Conversely, American Pop artists like Roy Lichtenstein found inspiration in Mondrian’s work for entirely different reasons. Rather than seeking to express any deeper spiritual meaning, Pop art focused on the surface, and referenced Mondrian as a popular and instantly recognizable style. Lichtenstein in particular, with his interest in parody and reproduction, returned to Mondrian frequently; some of his first paintings from the 1940s were geometric abstractions in Mondrian’s style, while his late 1980s Plus and Minus series was inspired by Mondrian’s early Pier and Ocean works. Lichtenstein’s famed Ben-Day dots – noted for their equalized size, highly intentional distribution, and restricted palette of cyan, magenta, yellow, and black – echo the limited pictorial means of Mondrian’s compositions.
Mondrian’s style can further be seen in the developments of the Minimalists of the late 1960s, who also opted for reduced forms and a pared down palette. Donald Judd, Frank Stella, and Ellsworth Kelly have all cited Mondrian’s effect on their work. Like Mondrian, Judd holds that in traditional art “the necessities of representation inhibited the use of color”: color cannot be pure when light and shadow must affect it (the artist writing in “Some Aspects of Color in General and Red and Black in Particular,” ArtForum, Summer 1994, p. 72). And like Mondrian, Judd concludes that the artist should concentrate on pure color and abolish illusion of any kind from his work. Stella, though less extreme than Judd, also sought to remove the mimetic from pictorial space, and focus instead on shape and surface. While Mondrian’s abstraction relies on elements placed in relation to one another and within the whole, Stella’s compositions breaks with this formula to emphasize the pure visual impact of his geometry.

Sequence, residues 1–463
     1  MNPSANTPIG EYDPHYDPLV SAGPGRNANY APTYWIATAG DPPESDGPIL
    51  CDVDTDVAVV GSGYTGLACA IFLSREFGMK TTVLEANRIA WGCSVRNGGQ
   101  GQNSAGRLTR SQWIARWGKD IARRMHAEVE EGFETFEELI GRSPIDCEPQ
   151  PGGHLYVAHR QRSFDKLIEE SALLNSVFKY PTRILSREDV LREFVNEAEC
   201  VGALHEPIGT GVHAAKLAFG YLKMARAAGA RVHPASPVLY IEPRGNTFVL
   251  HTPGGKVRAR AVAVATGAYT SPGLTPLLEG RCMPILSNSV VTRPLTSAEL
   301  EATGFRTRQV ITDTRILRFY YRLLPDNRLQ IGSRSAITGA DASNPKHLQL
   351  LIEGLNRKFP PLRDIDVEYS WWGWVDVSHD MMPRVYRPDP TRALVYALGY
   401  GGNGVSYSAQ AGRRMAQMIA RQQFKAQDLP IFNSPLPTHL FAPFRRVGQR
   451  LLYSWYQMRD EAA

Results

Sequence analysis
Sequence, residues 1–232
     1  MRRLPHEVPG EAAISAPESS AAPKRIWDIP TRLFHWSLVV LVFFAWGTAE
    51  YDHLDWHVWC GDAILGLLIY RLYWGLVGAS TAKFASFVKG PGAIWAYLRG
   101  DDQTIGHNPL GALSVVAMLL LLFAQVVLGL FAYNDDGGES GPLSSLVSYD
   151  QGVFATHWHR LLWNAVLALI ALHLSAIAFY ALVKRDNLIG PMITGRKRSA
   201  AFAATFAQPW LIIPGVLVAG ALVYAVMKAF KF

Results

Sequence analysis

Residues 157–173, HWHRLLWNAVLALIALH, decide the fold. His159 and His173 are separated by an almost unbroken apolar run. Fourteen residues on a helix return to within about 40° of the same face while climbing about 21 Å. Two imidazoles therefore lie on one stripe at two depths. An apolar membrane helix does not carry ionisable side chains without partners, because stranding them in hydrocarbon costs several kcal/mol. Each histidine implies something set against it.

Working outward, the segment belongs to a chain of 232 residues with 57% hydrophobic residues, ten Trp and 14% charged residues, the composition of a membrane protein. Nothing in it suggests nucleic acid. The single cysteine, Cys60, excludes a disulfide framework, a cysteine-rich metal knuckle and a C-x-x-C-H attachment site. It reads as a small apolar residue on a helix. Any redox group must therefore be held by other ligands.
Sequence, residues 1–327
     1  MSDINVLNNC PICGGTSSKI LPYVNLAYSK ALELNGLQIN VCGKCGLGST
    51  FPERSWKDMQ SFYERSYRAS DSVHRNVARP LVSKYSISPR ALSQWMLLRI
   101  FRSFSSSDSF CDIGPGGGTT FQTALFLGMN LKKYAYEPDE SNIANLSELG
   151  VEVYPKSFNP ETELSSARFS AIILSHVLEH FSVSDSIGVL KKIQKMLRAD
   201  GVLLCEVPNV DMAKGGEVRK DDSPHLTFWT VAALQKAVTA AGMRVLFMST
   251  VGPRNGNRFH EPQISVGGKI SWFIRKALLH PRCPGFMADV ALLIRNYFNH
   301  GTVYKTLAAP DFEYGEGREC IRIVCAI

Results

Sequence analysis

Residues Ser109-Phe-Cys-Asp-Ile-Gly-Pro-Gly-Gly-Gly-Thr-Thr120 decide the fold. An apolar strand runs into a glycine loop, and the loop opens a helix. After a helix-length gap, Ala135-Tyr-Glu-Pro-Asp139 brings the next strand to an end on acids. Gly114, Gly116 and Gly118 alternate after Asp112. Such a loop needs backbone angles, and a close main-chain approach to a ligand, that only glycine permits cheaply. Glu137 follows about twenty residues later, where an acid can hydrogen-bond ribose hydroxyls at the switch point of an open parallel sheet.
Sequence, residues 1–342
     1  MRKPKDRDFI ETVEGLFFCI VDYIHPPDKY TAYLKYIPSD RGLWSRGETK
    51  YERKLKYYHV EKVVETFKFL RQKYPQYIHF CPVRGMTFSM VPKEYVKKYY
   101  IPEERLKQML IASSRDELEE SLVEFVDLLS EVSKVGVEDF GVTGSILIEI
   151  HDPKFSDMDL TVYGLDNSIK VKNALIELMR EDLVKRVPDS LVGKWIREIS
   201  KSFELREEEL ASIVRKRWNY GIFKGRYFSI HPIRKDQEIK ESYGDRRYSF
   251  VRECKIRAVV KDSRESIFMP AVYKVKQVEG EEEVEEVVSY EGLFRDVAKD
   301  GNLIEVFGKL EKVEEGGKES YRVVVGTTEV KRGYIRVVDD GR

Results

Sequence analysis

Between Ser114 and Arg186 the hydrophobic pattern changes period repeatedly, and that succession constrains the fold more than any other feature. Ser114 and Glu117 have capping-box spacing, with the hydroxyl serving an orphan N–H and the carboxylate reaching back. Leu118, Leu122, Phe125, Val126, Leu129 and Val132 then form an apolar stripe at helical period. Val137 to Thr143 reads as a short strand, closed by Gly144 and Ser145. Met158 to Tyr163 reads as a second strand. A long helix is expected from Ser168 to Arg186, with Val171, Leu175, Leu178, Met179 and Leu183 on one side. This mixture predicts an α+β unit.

“[Mondrian was] one of the greatest artists of the twentieth century. Between the Forties and the end of the Sixties, he was held in higher regard in advanced circles than either Matisse or post-Cubist Picasso.”
Decades later, artists working today still remain captivated by Mondrian. Renowned Op artist Bridget Riley calls him “one of the greatest artists of the twentieth century. Between the Forties and the end of the Sixties, he was held in higher regard in advanced circles than either Matisse or post-Cubist Picasso” (the artist quoted in “Reading between the lines,” The Art Newspaper, 30 June 1997, online). She continues, “For many painters who, like me, grew up during that period, he was an immense figure. His insights and achievements underpinned a huge range of artistic ambitions, both in east and west Europe and in New York itself. I learned many things from Mondrian” (Ibid.). It was Mondrian’s uncentered, nonhierarchical approach to composition, form and space that stimulated Riley’s first experiments in abstraction, and ultimately to the famed allover geometries and optical patterns that characterize her work.
Gerhard Richter was likewise led to abstraction by Mondrian’s example. Richter’s very first abstract work, 192 Farben from his Color Chart series, pays homage to Mondrian with its geometric grid of relationally colored squares. The Color Charts would ultimately lead to Richter’s quintessential Abstrakte Bilder, in which his carefully arranged zones of color are smeared, scraped and blurred with a squeegee. Though he would return to figurative painting throughout his career, Richter’s abstractions embody the motivation at the heart of his practice: “I am suspicious regarding the image of reality which our senses convey to us and which is incomplete and limited” (the artist quoted in Exh. Cat., Düsseldorf, Städtische Kunsthalle (and travelling), Gerhard Richter, Bilder 1962-1985, 1986, p. 61). Echoing Mondrian’s manifesto of nearly a century before, Richter encapsulates the contemporary drive to investigate new modes of examining and representing the world. Mondrian’s utopian vision of art as a method of expressing nature’s true forms has influenced the work of generations of artists to follow him, leaving a profound and lasting impact on contemporary visual culture in a way that no other artist has ever achieved. His paintings, including Composition No. II, are manifestations of the unparalleled role he played in shaping the course of Modern art, and history itself.